3.7.5 GPL (GNU General Public License)    
3.0/5 2
Linux Mint's FTP upload tool




mintUpload allows you to upload files on the Internet. This makes it easier to share or send big files which would not fit in an email.

mintUpload is the little tool which pops up when you right-click on a file and select “upload”. Until now mintUpload was mostly used as a way to share files by uploading them to a public place somewhere on one of Linux Mint’s servers and by sending the corresponding URL to friends and family members (or to anybody really..). Some people also bought Mint-Space accounts and were able to set up mintUpload to add an additional upload service to it. These people could then share files in a similar manner but instead of using a public storage space and being limited to 2 days, they could use their 1GB of Web space and have their files kept there indefinitely.

Some people mentioned that mintUpload was great at sharing files with others but not so much at actually “uploading” them and we got a lot of requests to add FTP support to that tool.

Initially mintUpload was designed with novice users in mind, people who wanted to share large files with each others and who didn’t know what FTP meant or where to get free web space to store them. After gathering some feedback, we’ve come to realize that mintUpload also got popular with experienced users, people who even had their own FTP accounts and wanted a quick way to upload files to it without launching an FTP client. So we added FTP support to MintUpload by defining another type of service and letting the user define his own FTP services.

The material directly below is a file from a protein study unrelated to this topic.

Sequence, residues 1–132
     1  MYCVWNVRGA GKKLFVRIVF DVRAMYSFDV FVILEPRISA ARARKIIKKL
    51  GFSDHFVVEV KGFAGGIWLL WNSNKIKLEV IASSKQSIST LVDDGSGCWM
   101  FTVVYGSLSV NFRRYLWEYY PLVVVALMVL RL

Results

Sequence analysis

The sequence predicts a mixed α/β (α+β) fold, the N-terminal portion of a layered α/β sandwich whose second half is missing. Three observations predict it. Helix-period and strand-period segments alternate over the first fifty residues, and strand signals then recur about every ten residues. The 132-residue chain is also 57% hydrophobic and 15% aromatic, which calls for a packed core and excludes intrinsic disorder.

To install MintUpload you need the Romeo repositories. Perform an “apt update” and an “apt install mintupload” in a terminal.

If you don’t have Romeo set up, you can grab the packages from the download page.


MintUpload lets you define “upload services” by adding files in /etc/linuxmint/mintUpload/services/

Here’s an example of an FTP upload service:

name=My own FTP service

The “path” is optional, it lets you define where within your FTP service you want the files to be uploaded. In this example we’re not uploading them in the root folder, but within a directory called “myuploads”.

MintUpload will use any service defined with that format and saved as a file within /etc/linuxmint/mintUpload/services/.


MintUpload 2 will be one of the featured improvements coming with Linux Mint 6 Felicia. We’re actively trying to get the community to translate this tool. If you happen to speak another language than English, please help us translate mintUpload 2 by participating to this forum thread:
Last updated on February 4th, 2010
mintUpload - mintUpload

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